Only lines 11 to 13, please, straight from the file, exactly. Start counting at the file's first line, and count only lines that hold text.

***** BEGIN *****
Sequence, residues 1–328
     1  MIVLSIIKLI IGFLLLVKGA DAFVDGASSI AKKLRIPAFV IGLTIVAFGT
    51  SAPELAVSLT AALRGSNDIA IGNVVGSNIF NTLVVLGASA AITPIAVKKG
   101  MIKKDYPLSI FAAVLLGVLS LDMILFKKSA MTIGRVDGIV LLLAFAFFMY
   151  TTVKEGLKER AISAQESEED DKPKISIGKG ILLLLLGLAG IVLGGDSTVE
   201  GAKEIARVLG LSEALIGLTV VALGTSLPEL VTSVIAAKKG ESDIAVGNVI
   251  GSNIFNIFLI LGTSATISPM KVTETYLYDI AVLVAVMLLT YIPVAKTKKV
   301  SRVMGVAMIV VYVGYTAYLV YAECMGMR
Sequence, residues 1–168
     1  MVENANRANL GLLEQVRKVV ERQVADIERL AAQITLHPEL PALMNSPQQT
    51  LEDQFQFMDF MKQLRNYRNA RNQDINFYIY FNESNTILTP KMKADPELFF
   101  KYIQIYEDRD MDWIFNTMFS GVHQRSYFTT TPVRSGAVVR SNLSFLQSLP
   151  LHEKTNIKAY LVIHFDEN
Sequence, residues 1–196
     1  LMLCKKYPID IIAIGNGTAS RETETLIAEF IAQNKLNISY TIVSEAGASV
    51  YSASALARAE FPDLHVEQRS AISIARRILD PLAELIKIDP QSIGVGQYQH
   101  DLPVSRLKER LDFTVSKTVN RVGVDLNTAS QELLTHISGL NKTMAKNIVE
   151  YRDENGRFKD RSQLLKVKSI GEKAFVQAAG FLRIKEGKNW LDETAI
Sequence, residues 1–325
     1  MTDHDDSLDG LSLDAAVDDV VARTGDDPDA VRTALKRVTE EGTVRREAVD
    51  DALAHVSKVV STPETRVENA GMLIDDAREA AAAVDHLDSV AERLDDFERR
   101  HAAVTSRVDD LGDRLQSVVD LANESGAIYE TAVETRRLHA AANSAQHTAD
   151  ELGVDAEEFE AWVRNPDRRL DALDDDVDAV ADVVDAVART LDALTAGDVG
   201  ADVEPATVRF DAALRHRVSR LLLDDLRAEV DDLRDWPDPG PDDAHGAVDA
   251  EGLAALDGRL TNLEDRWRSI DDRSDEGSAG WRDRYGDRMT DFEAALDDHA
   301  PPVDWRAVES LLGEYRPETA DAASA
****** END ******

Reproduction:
    51  LEDQFQFMDF MKQLRNYRNA RNQDINFYIY FNESNTILTP KMKADPELFF
   101  KYIQIYEDRD MDWIFNTMFS GVHQRSYFTT TPVRSGAVVR SNLSFLQSLP
   151  LHEKTNIKAY LVIHFDEN